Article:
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Oscar Pistorius says unfair blades as he is beaten by Brazil Alan Oliveira T44 200m

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Published on Sep 2, 2012

News Story Of The Day http://www.facebook.com/NSOTD
Update Mar 6 2014
Oscar Pistorius now in Court defending a charge of Premeditated murder against his girlfriend.

Update Sep 3
Oscar Pistorius has apologised for the timing of his controversial comments about the blades used by Alan Fonteles Oliveira.

Immediately after coming second in the T44 200m final on Sunday, Pistorius, also known as the "Blade Runner", angrily complained about the length of winner Oliveira's blades.

In a statement on Monday, the South African sprinter apologised for his outburst but still insisted that it was "ridiculous" that Oliveira could win after being eight metres adrift at the 100m mark.

He said: "I would never want to detract from another athlete's moment of triumph.

"I do believe that there is an issue here and I welcome the opportunity to discuss it with the International Paralympic Committee (IPC) but I accept that raising these concerns immediately as I stepped off the track was wrong," the South African double amputee said.

"That was Alan's moment and I would like to put on record the respect I have for him."


Original story
"Don't focus on the disability," Oscar Pistorius told the world before these Games. "Focus on the ability." How right he was. There was no room for sentimental thoughts or emotional notions after the T44 200m final.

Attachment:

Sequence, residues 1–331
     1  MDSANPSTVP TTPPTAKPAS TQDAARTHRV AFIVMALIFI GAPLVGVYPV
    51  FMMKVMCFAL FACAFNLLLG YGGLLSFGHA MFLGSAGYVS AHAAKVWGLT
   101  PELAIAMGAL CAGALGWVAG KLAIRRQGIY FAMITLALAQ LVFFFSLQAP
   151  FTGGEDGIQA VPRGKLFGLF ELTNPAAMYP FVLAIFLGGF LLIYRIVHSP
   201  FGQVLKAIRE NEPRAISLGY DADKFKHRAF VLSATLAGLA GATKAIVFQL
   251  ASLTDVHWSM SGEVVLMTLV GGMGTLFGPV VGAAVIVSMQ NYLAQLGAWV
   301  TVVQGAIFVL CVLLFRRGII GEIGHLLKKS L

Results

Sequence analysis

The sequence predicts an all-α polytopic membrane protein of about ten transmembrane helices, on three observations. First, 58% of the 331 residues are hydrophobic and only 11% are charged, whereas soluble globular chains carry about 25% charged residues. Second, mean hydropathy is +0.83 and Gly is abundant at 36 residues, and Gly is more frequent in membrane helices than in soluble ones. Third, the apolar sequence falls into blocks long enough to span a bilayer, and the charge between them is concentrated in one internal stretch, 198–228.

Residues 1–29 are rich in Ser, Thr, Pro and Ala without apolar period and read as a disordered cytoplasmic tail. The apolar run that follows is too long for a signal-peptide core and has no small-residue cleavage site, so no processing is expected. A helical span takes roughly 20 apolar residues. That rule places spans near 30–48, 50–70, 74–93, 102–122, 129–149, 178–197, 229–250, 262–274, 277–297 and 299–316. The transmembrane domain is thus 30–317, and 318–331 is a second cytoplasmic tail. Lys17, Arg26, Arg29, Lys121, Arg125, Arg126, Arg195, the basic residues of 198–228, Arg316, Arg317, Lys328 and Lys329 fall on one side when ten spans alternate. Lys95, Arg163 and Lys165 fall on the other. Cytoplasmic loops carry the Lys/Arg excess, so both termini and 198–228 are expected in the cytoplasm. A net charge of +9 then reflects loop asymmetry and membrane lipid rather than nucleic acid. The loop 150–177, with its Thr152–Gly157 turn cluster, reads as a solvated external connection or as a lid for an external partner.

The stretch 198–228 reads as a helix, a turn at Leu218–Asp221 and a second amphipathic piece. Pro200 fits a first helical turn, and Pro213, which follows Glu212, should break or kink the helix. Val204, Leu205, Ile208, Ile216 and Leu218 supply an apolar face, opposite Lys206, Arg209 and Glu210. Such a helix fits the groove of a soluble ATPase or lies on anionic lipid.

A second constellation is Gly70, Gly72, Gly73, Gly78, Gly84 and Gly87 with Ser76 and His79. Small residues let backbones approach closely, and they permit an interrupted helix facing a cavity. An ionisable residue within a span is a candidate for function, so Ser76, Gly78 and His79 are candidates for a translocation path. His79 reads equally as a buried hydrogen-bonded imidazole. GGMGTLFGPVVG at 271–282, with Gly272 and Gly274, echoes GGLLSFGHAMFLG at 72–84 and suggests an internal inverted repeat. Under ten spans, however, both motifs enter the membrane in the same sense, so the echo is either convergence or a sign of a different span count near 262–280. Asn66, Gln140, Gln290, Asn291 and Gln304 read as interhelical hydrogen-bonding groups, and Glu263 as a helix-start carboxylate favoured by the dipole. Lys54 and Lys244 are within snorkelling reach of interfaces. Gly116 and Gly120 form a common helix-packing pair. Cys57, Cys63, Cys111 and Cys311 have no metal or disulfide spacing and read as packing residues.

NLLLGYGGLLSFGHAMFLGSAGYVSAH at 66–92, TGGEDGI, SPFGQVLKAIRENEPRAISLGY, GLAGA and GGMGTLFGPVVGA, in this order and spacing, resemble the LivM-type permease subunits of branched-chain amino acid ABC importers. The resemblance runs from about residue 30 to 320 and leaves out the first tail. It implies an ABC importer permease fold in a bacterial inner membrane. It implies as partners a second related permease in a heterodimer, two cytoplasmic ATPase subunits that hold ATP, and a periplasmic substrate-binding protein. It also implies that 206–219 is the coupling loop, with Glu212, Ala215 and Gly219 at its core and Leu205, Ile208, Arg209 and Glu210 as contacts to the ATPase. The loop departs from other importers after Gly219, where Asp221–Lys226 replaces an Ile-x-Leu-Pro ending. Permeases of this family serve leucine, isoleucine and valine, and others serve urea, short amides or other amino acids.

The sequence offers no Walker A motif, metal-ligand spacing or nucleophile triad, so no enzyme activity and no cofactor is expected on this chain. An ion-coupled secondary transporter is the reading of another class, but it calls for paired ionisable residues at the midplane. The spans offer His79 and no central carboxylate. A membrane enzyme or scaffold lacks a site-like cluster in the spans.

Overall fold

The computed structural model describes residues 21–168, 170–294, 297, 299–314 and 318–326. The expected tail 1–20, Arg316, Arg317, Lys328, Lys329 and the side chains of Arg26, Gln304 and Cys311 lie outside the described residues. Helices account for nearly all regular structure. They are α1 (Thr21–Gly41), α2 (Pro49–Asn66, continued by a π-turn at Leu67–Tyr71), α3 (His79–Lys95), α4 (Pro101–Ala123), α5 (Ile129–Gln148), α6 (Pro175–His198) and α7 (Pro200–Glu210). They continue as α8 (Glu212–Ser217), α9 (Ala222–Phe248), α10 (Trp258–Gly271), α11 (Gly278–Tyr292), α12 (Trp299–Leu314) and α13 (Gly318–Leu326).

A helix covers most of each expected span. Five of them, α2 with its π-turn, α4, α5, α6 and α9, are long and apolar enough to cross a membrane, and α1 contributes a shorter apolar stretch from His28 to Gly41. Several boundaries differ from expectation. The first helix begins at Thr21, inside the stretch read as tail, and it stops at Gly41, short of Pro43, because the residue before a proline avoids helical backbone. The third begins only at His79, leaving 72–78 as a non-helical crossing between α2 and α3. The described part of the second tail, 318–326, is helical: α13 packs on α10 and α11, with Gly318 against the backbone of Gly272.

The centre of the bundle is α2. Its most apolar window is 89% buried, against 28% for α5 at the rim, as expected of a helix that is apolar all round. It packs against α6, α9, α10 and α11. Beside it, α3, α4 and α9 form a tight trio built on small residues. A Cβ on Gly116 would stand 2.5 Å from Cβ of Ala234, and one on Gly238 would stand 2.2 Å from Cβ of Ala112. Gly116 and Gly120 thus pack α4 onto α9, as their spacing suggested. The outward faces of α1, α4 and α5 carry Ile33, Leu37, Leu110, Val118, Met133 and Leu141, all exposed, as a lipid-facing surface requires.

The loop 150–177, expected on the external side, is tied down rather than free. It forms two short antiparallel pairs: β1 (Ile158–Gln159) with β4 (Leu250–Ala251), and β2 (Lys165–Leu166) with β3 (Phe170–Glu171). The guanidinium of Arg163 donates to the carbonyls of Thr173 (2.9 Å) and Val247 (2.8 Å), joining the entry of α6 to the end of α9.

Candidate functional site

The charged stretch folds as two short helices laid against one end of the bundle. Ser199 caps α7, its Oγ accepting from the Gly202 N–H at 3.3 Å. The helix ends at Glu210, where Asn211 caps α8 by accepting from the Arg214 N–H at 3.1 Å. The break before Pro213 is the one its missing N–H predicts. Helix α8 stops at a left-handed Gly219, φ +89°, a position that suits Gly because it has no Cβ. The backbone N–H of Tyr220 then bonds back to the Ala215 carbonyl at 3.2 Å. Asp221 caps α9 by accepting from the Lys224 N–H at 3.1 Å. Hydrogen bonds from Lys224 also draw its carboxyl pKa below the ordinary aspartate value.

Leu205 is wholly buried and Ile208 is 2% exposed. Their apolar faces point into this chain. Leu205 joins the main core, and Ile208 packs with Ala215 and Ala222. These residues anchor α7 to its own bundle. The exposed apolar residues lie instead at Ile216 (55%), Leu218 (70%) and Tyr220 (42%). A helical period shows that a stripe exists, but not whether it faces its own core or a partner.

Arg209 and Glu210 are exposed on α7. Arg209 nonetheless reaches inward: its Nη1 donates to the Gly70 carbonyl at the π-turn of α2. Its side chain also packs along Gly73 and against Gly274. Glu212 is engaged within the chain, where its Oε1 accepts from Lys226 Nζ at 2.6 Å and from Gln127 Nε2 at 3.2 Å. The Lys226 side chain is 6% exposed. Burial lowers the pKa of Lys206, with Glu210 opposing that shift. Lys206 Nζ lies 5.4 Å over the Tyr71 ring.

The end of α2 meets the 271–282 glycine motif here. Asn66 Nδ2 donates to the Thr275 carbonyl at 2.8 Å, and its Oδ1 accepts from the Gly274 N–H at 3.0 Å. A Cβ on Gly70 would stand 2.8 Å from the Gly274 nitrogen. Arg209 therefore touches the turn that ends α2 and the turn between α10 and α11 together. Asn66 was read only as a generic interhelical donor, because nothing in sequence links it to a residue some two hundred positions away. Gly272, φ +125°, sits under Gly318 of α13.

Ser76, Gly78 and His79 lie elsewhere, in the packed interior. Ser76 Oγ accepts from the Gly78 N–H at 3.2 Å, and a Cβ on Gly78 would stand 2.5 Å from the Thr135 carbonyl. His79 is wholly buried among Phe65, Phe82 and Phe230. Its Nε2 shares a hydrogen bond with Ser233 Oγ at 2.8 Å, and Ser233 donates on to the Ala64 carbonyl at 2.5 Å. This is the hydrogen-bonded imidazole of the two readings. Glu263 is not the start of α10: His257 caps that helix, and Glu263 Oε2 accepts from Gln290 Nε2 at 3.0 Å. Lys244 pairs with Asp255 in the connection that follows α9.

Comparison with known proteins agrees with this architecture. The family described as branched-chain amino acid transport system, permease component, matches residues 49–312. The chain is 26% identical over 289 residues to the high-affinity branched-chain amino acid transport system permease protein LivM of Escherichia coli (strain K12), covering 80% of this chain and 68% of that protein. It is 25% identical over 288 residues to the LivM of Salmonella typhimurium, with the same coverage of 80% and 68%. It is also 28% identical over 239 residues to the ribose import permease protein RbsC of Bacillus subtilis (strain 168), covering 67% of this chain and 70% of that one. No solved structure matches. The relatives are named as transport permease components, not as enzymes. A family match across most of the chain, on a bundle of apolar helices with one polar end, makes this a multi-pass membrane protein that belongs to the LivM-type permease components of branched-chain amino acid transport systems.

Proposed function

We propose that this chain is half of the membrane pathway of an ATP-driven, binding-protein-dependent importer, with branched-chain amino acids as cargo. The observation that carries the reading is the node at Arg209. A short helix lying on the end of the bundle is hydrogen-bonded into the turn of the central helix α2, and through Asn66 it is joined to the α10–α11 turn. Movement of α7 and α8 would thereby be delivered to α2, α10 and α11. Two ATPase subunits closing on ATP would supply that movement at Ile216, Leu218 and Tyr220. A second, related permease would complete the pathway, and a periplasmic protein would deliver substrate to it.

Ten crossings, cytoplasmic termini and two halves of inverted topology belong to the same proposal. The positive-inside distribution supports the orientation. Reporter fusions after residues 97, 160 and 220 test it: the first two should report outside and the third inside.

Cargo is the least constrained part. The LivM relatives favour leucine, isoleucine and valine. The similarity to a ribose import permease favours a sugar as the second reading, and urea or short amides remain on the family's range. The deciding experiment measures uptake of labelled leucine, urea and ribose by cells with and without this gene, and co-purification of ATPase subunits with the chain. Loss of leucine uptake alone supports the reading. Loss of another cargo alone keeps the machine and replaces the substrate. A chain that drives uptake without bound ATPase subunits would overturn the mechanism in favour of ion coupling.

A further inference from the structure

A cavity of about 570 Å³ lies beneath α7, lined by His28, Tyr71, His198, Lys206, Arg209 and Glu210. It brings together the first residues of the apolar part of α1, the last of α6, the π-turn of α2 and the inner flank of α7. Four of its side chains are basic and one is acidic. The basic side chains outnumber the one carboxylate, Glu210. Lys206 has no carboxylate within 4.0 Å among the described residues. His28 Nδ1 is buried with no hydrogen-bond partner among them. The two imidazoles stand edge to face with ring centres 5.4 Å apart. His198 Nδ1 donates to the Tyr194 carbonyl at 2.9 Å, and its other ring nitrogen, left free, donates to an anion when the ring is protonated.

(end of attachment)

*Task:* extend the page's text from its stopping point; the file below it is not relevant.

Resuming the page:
It was not a procession or a coronation, but a race, raw and fast. And Pistorius came second. He was beaten to the line by Brazil's Alan Fonteles Cardoso Oliveira, who won in 21.45sec. Pistorius was .07sec behind him. He reacted furiously, telling the TV cameras in his post-race interview that "we aren't racing a fair race".

Pistorius was convinced that the running blades Oliveira was using were too long, and called for the International Paralympic Committee to investigate. This from a man who has had to fight long and hard to overturn doubts about whether or not he himself has an unfair advantage when he is competing against non-disabled runners.

The twist in the story is that it is the very fact Pistorius wants to run in the Olympics and other able-bodied competitions that cost him here.

To do crossover like that, he can only run on blades that have been cleared for use by the IAAF, the sport's governing body. Longer blades, of the kind Oliveira used, are only legal in Paralympic events.

If Pistorius switched, he would not be able to run in non-disabled competitions. Besides which, he would undermine his own argument that his success is about the body above the knee, rather than the technology below it. In a sense, he is a victim of his own ambition.
guaridan.co.uk

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